The U.S. Forest Service employs many people in California and nationwide. Roughly 40,000 people work at the federal agency, and it unfortunately has a long history of sexual harassment complaints and retaliation. A class-action lawsuit targeted the agency in the 1970s after female employees experienced systemic discrimination. As recently as December 2016, an oversight panel reported that sexual harassment and assault remained rampant at the agency. The new director of the agency reported to Congress about recent steps taken to address an allegedly toxic workplace culture defined by sexual harassment, misconduct and bullying.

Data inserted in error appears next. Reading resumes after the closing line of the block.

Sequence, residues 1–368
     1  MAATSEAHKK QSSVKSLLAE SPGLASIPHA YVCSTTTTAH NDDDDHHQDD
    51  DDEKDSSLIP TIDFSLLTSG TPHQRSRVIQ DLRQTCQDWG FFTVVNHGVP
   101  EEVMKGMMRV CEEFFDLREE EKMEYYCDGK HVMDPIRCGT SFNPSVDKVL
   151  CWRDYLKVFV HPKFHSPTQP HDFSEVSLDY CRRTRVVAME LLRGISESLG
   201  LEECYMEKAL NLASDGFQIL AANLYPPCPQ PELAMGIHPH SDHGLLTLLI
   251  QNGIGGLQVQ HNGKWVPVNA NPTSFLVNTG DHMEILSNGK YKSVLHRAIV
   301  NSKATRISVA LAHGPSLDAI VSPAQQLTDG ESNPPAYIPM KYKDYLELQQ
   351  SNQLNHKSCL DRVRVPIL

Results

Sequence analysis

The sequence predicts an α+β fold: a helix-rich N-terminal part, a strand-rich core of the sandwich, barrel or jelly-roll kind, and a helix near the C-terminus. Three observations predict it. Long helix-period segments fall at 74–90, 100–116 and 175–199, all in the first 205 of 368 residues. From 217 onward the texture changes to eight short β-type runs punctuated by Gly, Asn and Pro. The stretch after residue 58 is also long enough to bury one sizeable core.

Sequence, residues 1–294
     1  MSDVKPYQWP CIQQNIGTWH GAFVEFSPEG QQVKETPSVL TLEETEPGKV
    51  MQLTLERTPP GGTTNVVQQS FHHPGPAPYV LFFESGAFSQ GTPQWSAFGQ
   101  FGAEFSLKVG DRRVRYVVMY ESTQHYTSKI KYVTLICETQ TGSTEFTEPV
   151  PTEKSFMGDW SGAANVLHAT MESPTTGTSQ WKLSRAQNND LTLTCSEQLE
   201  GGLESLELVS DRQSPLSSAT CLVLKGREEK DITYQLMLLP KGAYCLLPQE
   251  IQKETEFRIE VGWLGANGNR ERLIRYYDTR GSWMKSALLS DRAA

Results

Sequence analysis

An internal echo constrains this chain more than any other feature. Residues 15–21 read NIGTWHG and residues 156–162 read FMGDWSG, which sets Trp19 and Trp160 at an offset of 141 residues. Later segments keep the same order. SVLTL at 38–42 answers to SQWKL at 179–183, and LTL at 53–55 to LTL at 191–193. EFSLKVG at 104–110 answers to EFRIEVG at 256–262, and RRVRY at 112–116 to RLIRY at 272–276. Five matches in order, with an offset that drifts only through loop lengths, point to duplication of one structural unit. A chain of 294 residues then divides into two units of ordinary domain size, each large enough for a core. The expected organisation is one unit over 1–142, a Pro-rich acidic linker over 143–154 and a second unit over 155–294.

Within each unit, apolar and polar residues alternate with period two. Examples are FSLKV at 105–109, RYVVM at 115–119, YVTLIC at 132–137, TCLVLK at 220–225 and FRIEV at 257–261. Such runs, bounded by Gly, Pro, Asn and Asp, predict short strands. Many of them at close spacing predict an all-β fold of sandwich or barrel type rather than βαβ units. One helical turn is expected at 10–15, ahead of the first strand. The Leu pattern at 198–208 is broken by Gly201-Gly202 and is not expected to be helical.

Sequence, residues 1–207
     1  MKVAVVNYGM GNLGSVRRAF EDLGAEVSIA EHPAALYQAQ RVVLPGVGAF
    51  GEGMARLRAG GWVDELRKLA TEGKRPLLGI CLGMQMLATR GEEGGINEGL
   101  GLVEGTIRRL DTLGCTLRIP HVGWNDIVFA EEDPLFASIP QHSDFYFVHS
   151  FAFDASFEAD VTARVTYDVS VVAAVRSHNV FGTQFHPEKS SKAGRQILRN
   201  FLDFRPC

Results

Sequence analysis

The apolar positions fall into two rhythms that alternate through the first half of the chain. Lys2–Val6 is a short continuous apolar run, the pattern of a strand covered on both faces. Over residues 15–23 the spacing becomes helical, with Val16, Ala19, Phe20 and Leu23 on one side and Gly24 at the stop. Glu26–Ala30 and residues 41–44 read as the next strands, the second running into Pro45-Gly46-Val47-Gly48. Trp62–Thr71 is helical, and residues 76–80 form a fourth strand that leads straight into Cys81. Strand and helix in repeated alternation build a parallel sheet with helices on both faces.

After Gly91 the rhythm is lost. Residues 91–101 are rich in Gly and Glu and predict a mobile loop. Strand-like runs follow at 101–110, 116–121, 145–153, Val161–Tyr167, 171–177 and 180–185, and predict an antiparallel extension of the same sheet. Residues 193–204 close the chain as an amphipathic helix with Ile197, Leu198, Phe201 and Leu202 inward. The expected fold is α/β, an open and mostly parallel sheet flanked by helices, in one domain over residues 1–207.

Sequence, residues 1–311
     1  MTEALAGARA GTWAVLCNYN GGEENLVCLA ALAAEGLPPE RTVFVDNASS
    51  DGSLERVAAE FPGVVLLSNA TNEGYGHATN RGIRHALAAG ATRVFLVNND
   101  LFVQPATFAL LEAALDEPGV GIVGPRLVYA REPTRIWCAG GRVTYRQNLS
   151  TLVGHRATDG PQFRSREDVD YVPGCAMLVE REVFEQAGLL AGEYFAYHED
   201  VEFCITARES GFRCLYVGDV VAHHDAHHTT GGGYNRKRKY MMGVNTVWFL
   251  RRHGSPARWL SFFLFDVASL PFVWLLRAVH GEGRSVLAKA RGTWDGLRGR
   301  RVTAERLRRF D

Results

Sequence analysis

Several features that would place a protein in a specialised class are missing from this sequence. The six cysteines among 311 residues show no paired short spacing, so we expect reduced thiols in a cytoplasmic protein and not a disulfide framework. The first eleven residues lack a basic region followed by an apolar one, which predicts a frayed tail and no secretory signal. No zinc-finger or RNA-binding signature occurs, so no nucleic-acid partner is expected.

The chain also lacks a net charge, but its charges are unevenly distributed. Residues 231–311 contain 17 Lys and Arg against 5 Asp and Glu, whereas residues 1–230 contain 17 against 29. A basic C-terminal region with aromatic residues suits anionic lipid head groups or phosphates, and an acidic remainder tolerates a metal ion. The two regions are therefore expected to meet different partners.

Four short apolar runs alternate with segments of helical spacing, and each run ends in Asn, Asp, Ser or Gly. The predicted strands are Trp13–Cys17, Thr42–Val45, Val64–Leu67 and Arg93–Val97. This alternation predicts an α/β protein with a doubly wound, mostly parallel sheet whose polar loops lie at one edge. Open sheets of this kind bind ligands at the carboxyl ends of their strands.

California-based social media giant Facebook announced on Nov. 9 that it is revising its workplace policy and will no longer require employees who make allegations of sexual harassment to settle their claims in private arbitration. Facebook is the second major Silicon Valley employer to make such an announcement in recent days. Alphabet Inc., which is the parent company of Google and many of its former subsidiaries, was the first technology giant to change its sexual harassment policies following a series of worker protests.
It's 2018. In theory, men and women should get equal treatment at work. Gender discrimination is illegal. Employers must treat everyone fairly and be respectful at every turn.